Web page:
What I am reading right now is the book “Mathematical Mindsets” by Stanford math professor Jo Boaler (@joboaler). Without question, this is a book we ALL need to read. Even if you are not a teacher of math she has great research and insights for teaching and learning that is good for all of us.
Currently, I’m on page 60, but I think I may have almost underlined everything I’ve read so far.
When I first started teaching math classes, I taught them how I was taught. I came to figure out that these strategies were not working for my kids. They were not becoming masters at math and they certainly were not developing a love for mathematics. I cringe to think how many times I’ve said “quick, take the test before you forget it.” As if there is any value in being able to write something down right this second. I’ve had many people in my life challenge me on some traditional instructional ideas and my first thought was “that is plain crazy.” Unlike any other profession we have 18 years in the field before we even start our first day of teaching. This develops paradigms that are extremely hard to shift from.
Jo Boaler’s book “Mathematical Mindsets” provides a lot of paradigm shifts for you to consider.
Just because we are comfortable with something or because it worked for us does not mean it is the best approach. Truth: A lot of people have very very negative associations with math. Common thoughts about repetitive practice, being fast, worksheets and homework are well intentioned but are not having the positive impact on students that we think they have.
Introduction: A lot of people have negative associations with math and think this makes them unsmart in general.
Pg 1: “If you learn something deeply, the synaptic activity will create lasting connections in your brain.”
pg 3: Engage in complex tasks to grow your brain.
pg 7: Mindset is a big deal. Thinking you’re smart can actually hinder you. “The highest
pg 7: “The highest-achieving students in the world are those with a growth mindset.”
pg 7/8: HOW we praise students can have a big impact on their mindset and achievement. Praise the effort.
pg 9: Teacher attitudes about math can have a big impact on math achievement in girls.
pg 12: When the brain is challenged, it grows the most.
pg 12: Typically we do not value mistakes and worse we punish kids for mistakes. Mistakes are what helps student brains to grow.
pg 13: “More successful people make more mistakes.”
pg 17: Grading math work has a negative impact on mathematics learning.
pg 18: No brain growth when you get a problem correct.
pg 18: “True learning depends on an understanding of how ideas fit together.”
pg 19: Students need to feel really comfortable offering different ideas and not being afraid of being wrong.
pg 21: STUDENTS need the opportunity to ask deep questions.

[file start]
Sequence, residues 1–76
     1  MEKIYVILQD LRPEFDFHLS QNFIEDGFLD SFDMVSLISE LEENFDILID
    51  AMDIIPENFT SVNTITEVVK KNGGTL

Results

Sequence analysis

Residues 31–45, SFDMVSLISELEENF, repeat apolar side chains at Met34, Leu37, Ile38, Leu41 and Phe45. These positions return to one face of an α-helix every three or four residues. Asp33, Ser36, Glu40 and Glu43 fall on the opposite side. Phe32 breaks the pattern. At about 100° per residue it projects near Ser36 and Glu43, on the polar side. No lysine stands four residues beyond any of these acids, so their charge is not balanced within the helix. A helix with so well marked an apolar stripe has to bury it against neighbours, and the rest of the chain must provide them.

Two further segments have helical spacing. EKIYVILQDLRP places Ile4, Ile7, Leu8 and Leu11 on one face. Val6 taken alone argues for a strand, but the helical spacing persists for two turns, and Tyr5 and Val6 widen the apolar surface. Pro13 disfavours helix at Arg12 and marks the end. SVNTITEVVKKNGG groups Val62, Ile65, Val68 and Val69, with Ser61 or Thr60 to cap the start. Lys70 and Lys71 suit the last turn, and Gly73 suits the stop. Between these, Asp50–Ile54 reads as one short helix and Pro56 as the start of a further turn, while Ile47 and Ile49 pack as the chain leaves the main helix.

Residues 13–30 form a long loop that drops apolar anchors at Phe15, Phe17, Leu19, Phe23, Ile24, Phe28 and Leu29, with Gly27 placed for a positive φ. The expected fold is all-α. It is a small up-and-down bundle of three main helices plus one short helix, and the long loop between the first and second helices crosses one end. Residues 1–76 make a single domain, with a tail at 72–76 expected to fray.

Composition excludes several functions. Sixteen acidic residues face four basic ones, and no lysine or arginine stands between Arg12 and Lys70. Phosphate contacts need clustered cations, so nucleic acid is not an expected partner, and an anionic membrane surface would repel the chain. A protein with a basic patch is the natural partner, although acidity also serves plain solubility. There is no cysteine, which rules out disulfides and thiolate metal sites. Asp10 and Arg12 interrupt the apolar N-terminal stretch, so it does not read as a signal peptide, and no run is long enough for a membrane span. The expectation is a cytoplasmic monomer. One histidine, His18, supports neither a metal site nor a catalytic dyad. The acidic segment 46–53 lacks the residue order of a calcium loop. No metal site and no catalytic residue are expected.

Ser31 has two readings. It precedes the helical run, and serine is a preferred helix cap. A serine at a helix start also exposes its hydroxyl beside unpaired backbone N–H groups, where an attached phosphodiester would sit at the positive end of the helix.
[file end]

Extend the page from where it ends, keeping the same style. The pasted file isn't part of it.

pg 21: Math is NOT “producing short answers to narrow questions under pressure.”
pg 27: “Mathematics does not equal calculating.”
pg 27: “The fastest-growing job in the United States is that of data analyst.”
pg 27: “It used to be that employers needed people to calculate; they no longer need this.”
pg 29: “We want students reasoning in mathematics classrooms.”
pg 30: Fast is not the same as smart.
pg 30: “The widespread myth that math is about speed is one that is very important to dispel.”
pg 35: Do not do the problems if the numbers do not make sense.
pg 35: Students using number sense strategies instead of memorization strategies do better.
pg 36: Low achievers are often given drill and practice rather than number fluency.
pg 37: “Students can learn math facts and commit them to memory through conceptual engagement with math.”
pg 37: Math fact drills “causes damage to students.”
pg 38: “When we put students through this anxiety-provoking experience, we lose students from mathematics.”
pg 39: “Automaticity should be reached through understanding of numerical relations, achieved through thinking about number strategies.”
pg 42: “The practice of methods over and over again is unhelpful.”
pg 42: “Worksheets that repeat the same idea over and over turn students away from math, are unnecessary, and do not prepare them to use the idea in different situations.”
pg 42: “We do not need students to take a single method and practice it over and over again.”
pg 45: Show concepts in unfamiliar ways. Do not always present perfect situations.
pg 46: “There is a lot of evidence that homework of any form, is unnecessary or damaging.”
pg 46: “Pages of practice problems are sent home – with no thought, it seems, of their negative effect on the home environment that evening.”
I am totally guilty of this. I wrongly assumed for many years that you had to give homework so I assigned problems 1-30 whether they needed it or not. I eventually figured out that homework was not helpful. That I was wasting tons of class time and efforts going over homework, collecting homework, hassling kids about homework, calling parents about homework. I STOPPED GIVING HOMEWORK TO MY HIGH SCHOOL STUDENTS. My students did NOT perform worse. I had better relationships with students and parents. I had more class time to work with students. Everyone was happier. Achievement was not negatively impacted.
pg 51: “The vast majority of all math apps and games are unhelpful, encouraging drill and rote memorization.”
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